An Opportunity for the New Public Printer—Increase GPO Work for Private Sector Printers
Publick Printer. That's the title that founding father Benjamin Franklin (1706-1790) gave to the job of coordinating printing for the then new United States government. He was the first "publick" printer, and he felt strongly—having been a printer himself—in establishing a single authority to ensure quality and fair pricing for the printing of federal government documents.
This led to the founding of the United States Government Printing Office (GPO) in 1813. Today, as then, GPO's role is to be the centralized printer and procurer of printing for the federal government including the Executive Office of the President, Congress, the Supreme Court, executive departments and independent agencies. Its core mission remains Keeping America Informed as it supports the work of the executive, legislative and judicial branches. As required by Title 44 of the U.S. Code, all federal agencies are to use GPO to procure their printing.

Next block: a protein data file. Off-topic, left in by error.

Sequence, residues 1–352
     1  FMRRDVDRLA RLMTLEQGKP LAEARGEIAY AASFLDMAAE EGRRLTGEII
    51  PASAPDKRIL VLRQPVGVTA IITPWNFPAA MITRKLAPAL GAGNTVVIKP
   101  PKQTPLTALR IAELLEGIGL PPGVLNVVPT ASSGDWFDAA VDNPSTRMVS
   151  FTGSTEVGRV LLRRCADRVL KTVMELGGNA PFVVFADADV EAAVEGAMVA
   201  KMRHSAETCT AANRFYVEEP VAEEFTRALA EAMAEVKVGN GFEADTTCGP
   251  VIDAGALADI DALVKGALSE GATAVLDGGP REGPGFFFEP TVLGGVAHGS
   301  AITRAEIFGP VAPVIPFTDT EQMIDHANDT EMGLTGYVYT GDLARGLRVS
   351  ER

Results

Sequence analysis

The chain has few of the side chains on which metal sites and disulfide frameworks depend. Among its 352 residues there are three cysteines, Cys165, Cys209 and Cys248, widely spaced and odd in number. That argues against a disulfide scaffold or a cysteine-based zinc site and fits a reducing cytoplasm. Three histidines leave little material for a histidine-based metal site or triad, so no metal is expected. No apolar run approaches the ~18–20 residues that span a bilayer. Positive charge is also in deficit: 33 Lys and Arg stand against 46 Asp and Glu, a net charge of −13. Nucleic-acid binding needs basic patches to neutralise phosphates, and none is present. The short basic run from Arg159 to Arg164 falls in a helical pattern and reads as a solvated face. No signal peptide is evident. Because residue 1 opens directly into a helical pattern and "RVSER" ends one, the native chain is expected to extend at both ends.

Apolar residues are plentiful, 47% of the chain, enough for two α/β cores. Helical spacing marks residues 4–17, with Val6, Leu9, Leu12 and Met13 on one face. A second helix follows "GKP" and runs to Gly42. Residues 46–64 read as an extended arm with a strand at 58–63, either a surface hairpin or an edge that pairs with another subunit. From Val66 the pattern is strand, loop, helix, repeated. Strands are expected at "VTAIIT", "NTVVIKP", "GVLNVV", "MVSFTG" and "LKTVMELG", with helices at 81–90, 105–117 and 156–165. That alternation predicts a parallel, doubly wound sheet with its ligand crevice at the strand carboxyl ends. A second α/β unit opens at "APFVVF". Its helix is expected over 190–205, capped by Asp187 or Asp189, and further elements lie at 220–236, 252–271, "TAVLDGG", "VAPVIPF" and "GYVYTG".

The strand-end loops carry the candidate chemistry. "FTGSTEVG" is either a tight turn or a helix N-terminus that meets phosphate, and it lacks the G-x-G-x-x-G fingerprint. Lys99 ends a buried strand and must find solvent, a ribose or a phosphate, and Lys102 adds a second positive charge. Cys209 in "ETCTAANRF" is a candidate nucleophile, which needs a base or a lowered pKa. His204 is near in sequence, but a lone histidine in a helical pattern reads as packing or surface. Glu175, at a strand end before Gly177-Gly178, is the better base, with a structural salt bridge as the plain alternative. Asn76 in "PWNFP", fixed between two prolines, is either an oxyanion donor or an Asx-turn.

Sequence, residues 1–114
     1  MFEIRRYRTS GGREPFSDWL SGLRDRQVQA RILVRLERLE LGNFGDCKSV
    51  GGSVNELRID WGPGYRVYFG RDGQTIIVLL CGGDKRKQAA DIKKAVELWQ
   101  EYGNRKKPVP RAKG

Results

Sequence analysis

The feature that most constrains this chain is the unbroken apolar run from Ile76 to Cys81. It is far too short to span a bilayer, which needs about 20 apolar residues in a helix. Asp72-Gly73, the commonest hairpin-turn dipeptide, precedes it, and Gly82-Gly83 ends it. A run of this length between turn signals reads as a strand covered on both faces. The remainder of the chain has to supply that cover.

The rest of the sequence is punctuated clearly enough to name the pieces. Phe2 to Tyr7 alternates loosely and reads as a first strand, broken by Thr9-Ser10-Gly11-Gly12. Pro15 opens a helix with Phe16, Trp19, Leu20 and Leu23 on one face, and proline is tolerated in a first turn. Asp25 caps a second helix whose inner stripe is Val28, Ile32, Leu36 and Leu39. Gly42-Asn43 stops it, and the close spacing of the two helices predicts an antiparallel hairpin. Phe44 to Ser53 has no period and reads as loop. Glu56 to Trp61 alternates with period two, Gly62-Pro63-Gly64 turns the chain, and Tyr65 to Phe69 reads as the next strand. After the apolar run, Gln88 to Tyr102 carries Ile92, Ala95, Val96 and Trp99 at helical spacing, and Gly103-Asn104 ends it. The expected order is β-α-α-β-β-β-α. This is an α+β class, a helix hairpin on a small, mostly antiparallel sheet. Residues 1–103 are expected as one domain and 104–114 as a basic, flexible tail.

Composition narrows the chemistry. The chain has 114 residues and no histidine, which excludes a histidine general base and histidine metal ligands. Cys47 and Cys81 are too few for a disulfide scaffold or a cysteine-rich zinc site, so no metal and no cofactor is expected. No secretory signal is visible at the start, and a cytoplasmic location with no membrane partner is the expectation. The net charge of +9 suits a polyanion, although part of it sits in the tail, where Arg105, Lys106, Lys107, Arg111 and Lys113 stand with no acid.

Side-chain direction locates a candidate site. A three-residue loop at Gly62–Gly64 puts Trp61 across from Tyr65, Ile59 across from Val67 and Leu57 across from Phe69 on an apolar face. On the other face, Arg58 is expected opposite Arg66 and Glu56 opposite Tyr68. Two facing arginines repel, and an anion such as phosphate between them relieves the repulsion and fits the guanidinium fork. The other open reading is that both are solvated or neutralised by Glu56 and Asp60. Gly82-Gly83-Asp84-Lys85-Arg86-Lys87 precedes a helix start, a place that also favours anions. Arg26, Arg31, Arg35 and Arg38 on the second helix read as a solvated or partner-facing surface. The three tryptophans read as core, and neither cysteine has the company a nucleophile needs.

William Boarman, this country's 26th Public Printer, continues the legacy begun by Benjamin Franklin. And like Franklin, he is a practical printer by trade. Here is an excerpt from Boarman's bio: "For four decades, Bill Boarman has been a key participant in the partnership between labor and management in the American printing and publishing industry, where he gained extensive experience in fund management and turning organizations with deficit problems into profitable operations. Bill has been a trusted advisor to several Public Printers spanning the administrations of Presidents Jimmy Carter through George W. Bush, and as the result of bipartisan relationships with Members of Congress over the years he has been a spokesperson for the role GPO plays in our democracy. Employed by GPO as a printer more than 35 years ago, Bill returned to the U.S. Government Printing Office on Jan. 3, 2011, as the 26th Public Printer of the United States after being appointed to the position by President Barack Obama."